Standing in our place, we need each other
Allowing our actual needs to clarify our places of nourishment--feeding and being fed upon, native and maker in one of the many wonderful phrases in Wendell Berry's poem "The Sycamore"...see my full post in context on the "dharma child" stream through this link...(or just read the copy and paste below.)
Villages popping up in cities –so people can grow older at home
It can be hard to accept how much we need each other. It can be hard to distinguish neediness, or addictions, or whims, from needs. Actual needs can feel shameful in a culture of the individual hero.
I love Wendell Berry’s poem, “The Sycamore,” to help us find our roots, our “strange perfection,” an “indwelling principle” and a place–inner and outer–where we can “stand” and feed and be fed…See below, the whole glorious poem.
Coming to terms with how much we need each other–finding ways to feed each other and be fed–sounds like a good beginning towards great ideas and sane culture. Wendell Berry’s tree “gathers all accidents into its purpose”–a wonderfully woven phrase where the messiness of life, and our vulnerability and needs, are not an insult or dead end. Where flourishing and harm are not measurements nor opposites, and all happenings are in a life of welcome and the creativity of getting on with it.
A couple in their 60s– thinking in advance about how they would want to live as they aged and potentially needed more help, more regularly–came up with an idea that is spreading. “Village” networks– of services like grocery shopping or rides– help aging people stay in their home-communities…instead of getting “serviced” in a (retirement) “home” or “assisted living community.”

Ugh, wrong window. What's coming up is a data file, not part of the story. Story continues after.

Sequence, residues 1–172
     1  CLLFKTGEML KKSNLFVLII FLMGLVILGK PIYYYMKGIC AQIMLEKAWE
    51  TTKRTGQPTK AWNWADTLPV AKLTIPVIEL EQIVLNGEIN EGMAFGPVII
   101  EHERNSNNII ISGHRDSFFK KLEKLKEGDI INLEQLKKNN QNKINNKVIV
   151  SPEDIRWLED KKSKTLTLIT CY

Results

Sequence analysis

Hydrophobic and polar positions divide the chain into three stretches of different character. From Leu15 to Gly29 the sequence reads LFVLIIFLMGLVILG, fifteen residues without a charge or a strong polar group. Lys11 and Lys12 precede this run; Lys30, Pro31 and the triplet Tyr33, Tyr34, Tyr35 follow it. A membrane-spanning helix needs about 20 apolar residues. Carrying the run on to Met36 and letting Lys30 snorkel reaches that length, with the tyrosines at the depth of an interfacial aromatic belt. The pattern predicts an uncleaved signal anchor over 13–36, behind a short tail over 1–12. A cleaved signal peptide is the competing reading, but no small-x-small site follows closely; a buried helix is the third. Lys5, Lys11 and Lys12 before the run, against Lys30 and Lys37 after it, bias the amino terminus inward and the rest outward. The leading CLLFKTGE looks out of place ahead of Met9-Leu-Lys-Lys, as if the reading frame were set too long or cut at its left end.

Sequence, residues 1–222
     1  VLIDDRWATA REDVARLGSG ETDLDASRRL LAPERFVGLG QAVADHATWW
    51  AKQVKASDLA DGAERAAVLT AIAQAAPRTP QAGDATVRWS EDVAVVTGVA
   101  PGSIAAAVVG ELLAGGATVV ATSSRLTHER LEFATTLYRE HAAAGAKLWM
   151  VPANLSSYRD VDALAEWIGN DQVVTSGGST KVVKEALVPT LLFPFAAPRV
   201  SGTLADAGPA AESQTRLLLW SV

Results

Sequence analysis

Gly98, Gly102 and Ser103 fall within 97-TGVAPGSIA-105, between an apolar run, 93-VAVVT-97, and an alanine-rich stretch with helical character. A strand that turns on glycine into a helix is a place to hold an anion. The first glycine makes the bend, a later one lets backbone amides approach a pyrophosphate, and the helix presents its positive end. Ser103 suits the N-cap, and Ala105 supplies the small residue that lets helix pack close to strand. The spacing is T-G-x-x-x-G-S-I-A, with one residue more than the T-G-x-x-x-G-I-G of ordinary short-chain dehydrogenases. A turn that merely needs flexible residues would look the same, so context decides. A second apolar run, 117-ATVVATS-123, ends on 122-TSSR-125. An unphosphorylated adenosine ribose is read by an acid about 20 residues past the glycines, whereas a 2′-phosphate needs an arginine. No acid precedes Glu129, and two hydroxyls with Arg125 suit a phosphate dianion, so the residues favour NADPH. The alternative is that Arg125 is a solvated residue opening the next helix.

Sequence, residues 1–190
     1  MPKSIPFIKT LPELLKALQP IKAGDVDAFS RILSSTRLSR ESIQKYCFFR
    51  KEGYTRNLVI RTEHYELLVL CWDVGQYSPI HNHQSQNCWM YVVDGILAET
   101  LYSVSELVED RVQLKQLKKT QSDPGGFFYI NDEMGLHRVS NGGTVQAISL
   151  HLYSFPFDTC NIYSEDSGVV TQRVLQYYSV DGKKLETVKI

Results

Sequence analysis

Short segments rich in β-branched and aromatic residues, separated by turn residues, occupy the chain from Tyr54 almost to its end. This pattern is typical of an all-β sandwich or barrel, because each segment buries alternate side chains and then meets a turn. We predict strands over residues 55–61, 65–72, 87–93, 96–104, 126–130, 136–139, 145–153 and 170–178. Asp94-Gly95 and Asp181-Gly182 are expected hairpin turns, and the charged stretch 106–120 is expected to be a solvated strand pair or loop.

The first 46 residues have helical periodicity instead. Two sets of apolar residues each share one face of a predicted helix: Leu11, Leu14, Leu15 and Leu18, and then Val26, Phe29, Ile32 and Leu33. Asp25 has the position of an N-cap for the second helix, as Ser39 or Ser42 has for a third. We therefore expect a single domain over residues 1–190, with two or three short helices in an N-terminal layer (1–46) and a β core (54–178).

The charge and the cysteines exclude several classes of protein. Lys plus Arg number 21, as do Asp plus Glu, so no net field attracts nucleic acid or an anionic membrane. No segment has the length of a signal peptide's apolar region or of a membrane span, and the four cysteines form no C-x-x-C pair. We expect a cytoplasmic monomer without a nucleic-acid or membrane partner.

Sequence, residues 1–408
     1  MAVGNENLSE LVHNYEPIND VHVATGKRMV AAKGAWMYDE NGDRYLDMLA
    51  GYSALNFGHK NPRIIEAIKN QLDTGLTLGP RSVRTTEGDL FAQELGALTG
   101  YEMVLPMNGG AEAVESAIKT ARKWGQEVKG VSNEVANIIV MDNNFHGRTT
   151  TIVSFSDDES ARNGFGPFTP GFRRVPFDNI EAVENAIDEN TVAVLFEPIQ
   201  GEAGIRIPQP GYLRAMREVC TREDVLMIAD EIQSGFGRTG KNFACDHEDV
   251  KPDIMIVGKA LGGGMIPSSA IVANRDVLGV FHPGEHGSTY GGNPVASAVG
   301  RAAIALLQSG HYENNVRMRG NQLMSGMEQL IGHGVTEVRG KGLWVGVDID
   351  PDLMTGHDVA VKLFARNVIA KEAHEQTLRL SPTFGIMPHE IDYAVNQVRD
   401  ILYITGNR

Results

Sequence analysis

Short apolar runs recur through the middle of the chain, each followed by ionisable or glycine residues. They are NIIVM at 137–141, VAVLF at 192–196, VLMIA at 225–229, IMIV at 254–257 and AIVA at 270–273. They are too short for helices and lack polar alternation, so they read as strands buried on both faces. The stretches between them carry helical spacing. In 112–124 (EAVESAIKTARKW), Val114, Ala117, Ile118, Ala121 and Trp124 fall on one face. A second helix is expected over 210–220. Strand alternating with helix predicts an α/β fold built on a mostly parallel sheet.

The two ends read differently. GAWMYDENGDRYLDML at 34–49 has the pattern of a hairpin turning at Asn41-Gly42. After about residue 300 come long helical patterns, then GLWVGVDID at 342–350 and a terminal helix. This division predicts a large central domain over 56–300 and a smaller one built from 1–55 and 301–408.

One rural community in California plans to grow a “village,” soon too. (Find the link to the story from npr.org below.)
May we all enjoy our needs for inwardness, strange perfection, a nourishing place to stand, and each other…not only other human beings but all of us in this life, in this place called earth that shapes us.
In the place that is my own place, whose earth I am shaped in and must bear, there is an old tree growing, a great sycamore that is a wondrous healer of itself. Fences have been tied to it, nails driven into it, hacks and whittles cut in it, the lightning has burned it. There is no year it has flourished in that has not harmed it. There is a hollow in it that is its death, though its living brims whitely at the lip of the darkness and flows outward. Over all its scars has come the seamless white of the bark. It bears the gnarls of its history healed over. It has risen to a strange perfection in the warp and bending of its long growth. it has gathered all accidents into its purpose I recognize in it a principle, an indwelling the same as itself, and greater, that I would be ruled by. I see that it stands in its place, and feeds upon it, and is fed upon, and is native, and maker. ~Wendell Berry